Tuesday, December 07, 2010

52 Books in 52 Weeks: Book 48

One of my goals for 2011 is to compete in a Sprint Triathlon {#20 on my life list}. As motivation to meet this goal, I purchased the book Triathlons For Women by Sally Edwards. I found it to be very informative and full of great advice for women looking to participate in their first triathlon. From what type of gear you need, to training programs and suggestions on what to eat, this book covers just about everything there is to know about triathlons.

I hope to find a spring race to participate in, but if not, I have my eye on the Mountain Lakes Triathlon that will be held in Guntersville, Alabama on August 13, 2011.

Excerpts from the book:
"A generation ago you would have been labeled tomboys. You know, women who want to be like men, or girls who want to be like boys. But, you also know that girls love sports the same way that boys do. You are each athletes, not tomboys." – Greg Rorke (1990 President of Danskin)

Acknowledge that there will be pain. Exhaustion and discomfort are part of the entry fee that's paid to reach the finish line, so go ahead and pay the price, but only to a point. When you reach a point where pain is verging on bodily over extension and breakdown, back off. It's better to finish upright than to practice the "triathloid crawl."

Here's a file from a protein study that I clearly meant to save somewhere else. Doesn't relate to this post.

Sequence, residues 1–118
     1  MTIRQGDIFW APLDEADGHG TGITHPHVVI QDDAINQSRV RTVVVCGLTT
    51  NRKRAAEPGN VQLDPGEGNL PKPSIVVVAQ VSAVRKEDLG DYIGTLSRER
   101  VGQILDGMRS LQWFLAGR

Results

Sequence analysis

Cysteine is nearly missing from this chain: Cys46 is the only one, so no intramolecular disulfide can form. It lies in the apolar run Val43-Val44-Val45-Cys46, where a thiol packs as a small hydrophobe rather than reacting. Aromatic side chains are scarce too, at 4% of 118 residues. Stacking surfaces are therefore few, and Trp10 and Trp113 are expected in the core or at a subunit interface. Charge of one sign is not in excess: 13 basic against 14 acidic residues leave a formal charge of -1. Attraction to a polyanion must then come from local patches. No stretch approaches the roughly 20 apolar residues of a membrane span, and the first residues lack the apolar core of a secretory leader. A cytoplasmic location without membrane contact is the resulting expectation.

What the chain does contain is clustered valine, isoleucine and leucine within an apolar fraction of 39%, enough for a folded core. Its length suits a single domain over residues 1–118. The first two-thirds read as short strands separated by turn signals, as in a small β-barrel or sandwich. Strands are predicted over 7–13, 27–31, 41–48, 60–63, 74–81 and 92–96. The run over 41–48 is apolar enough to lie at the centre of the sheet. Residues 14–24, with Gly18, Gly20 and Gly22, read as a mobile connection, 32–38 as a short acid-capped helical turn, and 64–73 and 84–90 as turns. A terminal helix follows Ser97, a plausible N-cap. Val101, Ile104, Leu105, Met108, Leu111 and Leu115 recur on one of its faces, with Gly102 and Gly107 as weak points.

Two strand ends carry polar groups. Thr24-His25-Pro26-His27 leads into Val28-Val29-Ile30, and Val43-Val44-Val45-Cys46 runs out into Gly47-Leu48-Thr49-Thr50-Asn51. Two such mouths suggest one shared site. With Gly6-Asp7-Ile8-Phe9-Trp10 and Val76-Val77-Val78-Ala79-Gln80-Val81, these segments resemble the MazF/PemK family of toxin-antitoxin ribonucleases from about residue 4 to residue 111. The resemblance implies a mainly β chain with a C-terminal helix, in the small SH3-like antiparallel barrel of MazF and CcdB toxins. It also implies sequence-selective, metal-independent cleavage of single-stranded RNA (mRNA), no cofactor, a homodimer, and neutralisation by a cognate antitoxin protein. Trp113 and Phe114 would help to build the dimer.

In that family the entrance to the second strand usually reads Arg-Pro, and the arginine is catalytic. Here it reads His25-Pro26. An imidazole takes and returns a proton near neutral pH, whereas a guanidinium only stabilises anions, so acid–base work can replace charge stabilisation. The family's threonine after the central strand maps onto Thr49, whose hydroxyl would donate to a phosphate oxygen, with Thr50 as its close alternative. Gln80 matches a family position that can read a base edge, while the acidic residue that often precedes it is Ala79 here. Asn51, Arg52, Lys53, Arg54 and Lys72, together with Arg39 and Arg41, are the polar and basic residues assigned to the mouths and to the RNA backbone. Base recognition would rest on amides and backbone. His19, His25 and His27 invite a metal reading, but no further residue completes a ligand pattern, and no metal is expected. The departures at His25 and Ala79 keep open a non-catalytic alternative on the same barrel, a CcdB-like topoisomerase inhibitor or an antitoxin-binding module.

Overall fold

Somewhere between being feminine and athletic there still seems to be a problem: We feel we can't be both, because the two are such opposites that one must suffer for the other. We want to be athletes, which requires that we be tough, aggressive, and forceful, even dominant. But we must submerge our athletic side when we want to be feminine, a role that is understood to be supportive, passive, tender, emotional. What is a woman to do?

Remember the 20-degree rule – add 20 degrees (Fahrenheit) to the ambient temperature, and that's how how it will be during your run. You should dress for the 20-degree rule.

The woman who starts the race is not the same as the woman who finishes.

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